Kabul students picked through the debris of shattered schools on Tuesday looking for books, backpacks and other possessions, a day after a massive bomb ripped through the Afghan capital.
Five schools were damaged in Monday’s attack which targeted a defense ministry building, but also shredded a mosque and a TV station.
At least six people were killed in the Taliban attack, including one child and two Special Forces soldiers, the interior ministry said.
The bombing -- and an ensuing shootout -- wounded dozens of people including 50 children, most of whom were hurt by flying glass.
“The schools in the area have been badly damaged,” said local resident Ahmad Seyar. “It is a disaster.”
At one private high school in the middle-class part of town near the city center, children were allowed to return to try to retrieve whatever they could from the rubble-filled building.
One girl showed AFP cuts on her arm from glass as the school windows shattered from the force of the blast.
Some social media images purportedly taken at a hospital showed wounded, stunned children in school uniforms, still clutching books as they arrived for treatment.
Save the Children branded the attack “utterly deplorable”, warning that “children’s smaller bodies sustain more serious injuries than adults” and that the trauma of such attacks can stay with them for years.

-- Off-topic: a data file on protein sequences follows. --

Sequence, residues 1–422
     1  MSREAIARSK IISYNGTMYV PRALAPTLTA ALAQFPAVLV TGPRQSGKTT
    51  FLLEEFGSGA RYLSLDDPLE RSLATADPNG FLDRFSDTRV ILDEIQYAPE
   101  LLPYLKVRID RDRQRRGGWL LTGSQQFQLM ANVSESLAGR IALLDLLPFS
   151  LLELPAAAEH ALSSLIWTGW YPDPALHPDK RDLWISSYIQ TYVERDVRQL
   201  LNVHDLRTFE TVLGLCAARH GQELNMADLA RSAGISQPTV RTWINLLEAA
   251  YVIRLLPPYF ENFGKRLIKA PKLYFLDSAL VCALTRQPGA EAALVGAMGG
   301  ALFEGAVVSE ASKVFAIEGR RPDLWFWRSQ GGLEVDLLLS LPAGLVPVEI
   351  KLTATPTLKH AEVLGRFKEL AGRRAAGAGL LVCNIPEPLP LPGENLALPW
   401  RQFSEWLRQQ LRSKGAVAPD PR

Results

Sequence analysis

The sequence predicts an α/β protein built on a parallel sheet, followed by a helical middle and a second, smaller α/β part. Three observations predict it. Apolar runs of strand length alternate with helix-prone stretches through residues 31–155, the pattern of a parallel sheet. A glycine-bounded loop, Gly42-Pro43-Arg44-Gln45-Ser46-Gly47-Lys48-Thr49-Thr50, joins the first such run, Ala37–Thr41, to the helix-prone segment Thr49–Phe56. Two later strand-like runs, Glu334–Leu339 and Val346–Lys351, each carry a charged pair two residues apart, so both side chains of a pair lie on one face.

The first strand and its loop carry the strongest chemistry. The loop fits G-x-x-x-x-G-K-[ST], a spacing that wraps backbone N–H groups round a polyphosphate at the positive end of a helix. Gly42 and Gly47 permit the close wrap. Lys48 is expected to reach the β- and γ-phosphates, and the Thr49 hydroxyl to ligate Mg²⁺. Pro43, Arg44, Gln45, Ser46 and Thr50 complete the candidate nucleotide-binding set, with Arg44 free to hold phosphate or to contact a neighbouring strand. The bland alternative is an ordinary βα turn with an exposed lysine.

Monday’s bombing was followed by Taliban gunmen storming a nearby building, trigging a gun battle with Special Forces.
Atiqullah, a resident from a nearby apartment building, said the bomb had broken all the windows in his home. “The blast was huge,” he told AFP.
“Two of my family members were slightly injured. Our home is badly damaged.” Another resident, Hamidullah, said “dust, dirt, blood and human bodies were everywhere.”
Kabul had enjoyed something of a lull in violence over the winter, but in recent months it has seen a string of sophisticated attacks, including one against an American non-governmental group in May.
The US and the Taliban are currently holding peace talks to try to forge a deal that would end America’s longest war, but even as the two sides meet, violence continues across Afghanistan.